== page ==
Most small business CEOs have plenty to worry about.  They need enough money coming in the door to cover their costs.  They need to ensure their service compares favorably to that of their competitors.  They also have to make sure their expenses are kept in check, and they aren’t subjecting themselves to any risks that could jeopardize the company.  These are constant, urgent considerations that have to be balanced against the day-to-day responsibilities associated with running a company.

Urgent tasks can’t get in front of important ones, however.  The most important task a CEO has is making sure they’ve got the right people in the right places, and those people are focused on the right things.

The right people have different characteristics at different companies.  A fantastic shop foreman isn’t going to have the same traits as a fantastic firm administrator at a CPA office.  They will have one thing in common, however, and that’s a positive attitude.

Negative attitudes are dangerous because they damage employee engagement.  Employee engagement doesn’t come from an employee benefits plan, monthly birthday parties or a flexible work arrangement.  It comes from being surrounded by a team of people who know what they need to do to be successful and are motivated to do it.  People who can find the negative in any situation drag down engaged teams and engaged employees in staggering ways – ways that you may not have even considered before. And often, it only takes one employee with that type of attitude to destroy the morale of a team, or even the entire organization.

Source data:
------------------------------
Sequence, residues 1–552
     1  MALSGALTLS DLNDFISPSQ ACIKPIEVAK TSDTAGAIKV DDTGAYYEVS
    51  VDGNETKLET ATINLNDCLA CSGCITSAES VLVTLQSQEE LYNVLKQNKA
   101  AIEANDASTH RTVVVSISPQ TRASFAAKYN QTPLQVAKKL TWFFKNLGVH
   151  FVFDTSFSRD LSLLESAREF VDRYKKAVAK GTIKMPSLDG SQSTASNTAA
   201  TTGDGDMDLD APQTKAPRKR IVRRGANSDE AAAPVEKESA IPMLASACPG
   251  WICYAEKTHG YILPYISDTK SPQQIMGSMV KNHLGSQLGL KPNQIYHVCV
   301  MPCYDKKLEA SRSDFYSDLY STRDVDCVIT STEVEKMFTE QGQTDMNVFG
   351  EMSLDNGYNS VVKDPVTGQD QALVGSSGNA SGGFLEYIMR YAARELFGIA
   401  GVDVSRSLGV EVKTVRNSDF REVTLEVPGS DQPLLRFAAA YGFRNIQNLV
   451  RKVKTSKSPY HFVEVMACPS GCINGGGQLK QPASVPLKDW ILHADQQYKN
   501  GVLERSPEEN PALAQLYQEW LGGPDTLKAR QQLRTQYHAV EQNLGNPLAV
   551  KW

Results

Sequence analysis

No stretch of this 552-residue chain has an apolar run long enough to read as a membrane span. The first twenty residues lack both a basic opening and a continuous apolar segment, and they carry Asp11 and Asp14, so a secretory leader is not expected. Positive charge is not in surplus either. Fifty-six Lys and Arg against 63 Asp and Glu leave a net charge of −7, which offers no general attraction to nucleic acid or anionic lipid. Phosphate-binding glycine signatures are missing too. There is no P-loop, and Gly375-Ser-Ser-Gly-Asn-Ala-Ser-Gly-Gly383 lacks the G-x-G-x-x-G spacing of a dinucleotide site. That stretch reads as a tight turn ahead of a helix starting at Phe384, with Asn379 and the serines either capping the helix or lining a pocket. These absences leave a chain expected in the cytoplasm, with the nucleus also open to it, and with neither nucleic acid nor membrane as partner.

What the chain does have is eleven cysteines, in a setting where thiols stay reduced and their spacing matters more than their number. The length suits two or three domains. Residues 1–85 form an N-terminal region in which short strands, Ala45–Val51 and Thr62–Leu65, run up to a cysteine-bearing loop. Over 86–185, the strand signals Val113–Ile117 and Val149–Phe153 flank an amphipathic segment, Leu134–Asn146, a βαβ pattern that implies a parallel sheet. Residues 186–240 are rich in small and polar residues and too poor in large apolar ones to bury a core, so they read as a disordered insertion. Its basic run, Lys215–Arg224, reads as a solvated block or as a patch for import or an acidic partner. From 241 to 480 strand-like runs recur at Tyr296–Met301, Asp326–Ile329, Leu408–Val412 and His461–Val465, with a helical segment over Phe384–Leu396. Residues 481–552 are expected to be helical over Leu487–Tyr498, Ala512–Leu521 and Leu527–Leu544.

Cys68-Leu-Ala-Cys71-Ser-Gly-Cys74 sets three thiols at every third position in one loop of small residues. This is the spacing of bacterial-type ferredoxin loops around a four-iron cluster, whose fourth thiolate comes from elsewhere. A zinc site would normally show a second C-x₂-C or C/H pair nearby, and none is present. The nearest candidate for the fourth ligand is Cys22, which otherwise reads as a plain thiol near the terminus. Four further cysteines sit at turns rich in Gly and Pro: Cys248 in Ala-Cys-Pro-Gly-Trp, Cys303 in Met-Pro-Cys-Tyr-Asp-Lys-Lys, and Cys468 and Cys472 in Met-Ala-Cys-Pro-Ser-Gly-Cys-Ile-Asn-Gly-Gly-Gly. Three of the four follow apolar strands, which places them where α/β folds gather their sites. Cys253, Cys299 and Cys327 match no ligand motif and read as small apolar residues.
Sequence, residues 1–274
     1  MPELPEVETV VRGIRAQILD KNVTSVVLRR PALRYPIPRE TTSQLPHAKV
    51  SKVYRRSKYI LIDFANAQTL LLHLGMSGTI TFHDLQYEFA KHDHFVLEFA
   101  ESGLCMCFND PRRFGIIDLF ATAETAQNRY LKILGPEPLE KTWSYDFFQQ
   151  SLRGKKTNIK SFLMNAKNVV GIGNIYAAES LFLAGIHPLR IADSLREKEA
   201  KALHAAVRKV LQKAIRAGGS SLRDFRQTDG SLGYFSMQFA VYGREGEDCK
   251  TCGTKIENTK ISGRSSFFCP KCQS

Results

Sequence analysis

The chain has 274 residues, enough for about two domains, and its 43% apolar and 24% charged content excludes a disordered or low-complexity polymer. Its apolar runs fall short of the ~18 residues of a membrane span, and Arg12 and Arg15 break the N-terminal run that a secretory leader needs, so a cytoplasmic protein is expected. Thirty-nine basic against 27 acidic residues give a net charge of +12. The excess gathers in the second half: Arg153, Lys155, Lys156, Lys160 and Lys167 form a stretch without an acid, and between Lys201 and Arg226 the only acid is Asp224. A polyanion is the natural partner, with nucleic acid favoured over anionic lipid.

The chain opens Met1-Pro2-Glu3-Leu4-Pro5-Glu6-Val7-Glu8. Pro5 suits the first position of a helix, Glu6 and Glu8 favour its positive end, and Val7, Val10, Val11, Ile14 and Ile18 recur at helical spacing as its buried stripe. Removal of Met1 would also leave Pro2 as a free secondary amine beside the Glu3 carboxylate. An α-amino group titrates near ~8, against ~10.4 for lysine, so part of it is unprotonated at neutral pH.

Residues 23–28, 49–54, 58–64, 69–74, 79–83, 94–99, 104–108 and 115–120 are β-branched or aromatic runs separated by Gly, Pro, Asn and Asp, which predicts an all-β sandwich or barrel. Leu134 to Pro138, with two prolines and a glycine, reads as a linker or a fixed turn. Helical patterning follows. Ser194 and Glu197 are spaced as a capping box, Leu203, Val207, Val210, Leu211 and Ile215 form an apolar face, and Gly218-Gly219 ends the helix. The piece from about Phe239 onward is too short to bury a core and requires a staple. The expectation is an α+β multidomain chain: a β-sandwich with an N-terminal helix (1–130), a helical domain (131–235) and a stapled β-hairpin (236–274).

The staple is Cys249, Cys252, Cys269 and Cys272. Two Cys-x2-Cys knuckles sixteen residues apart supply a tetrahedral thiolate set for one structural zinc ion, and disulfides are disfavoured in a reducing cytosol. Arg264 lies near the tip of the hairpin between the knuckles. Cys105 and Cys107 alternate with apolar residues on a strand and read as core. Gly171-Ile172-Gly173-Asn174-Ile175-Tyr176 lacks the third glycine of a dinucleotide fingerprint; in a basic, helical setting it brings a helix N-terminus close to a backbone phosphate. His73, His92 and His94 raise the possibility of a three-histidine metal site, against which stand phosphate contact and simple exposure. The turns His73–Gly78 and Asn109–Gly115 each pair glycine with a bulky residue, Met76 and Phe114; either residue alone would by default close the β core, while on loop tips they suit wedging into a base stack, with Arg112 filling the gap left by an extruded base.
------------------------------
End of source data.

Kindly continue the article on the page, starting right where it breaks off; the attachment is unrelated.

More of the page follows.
Gallup’s State of the American Workplace finds that only 33% of US employees are engaged at work.  Fifty-one percent are unengaged – they’re just there for the paycheck.  The remaining 16% are disengaged.

What is a ‘disengaged’ employee?  They are twice as likely to be looking for a new job, which may be easy for them to find in the current environment.  And you want them to find it quickly, because they’re more likely to steal from the company, negatively influence their co-workers, miss workdays and drive customers away.  They are the negative people in your workplace.

These people may have tremendous skills – they might seem impossible to replace.  But when they’ve finally created enough trouble that you make the hard decision to let them go, you’ll learn some amazing things.  You’ll learn about problems that were never brought to your attention, because nobody wanted to cross the irreplaceable employee.  You’ll find that everyone who had to interact with them is happier and more productive at work once they’re gone.  Finally, if they were a manager, you’ll find stability, because 50% of people leave their jobs because of their bosses.

It’s important to note here that a disengaged employee or a person with a negative attitude doesn’t describe a person who had a bad day, or is facing a challenging time in their lives.  Companies should show kindness and consideration to employees facing unique hardships.  Disengaged employees are incapable of finding motivation and satisfaction in their current position regardless of events outside of the workplace.  If they spread that perspective to other team members, then you will have trouble finding profitability and success as a CEO.  That’s why maintaining a team without negative attitudes is among the most important jobs of CEOs at companies regardless of size or industry.

To learn how WingSwept can help your employee engagement efforts by keeping your employees productive and providing remarkable customer service, call us at 919.779.0954 or email us at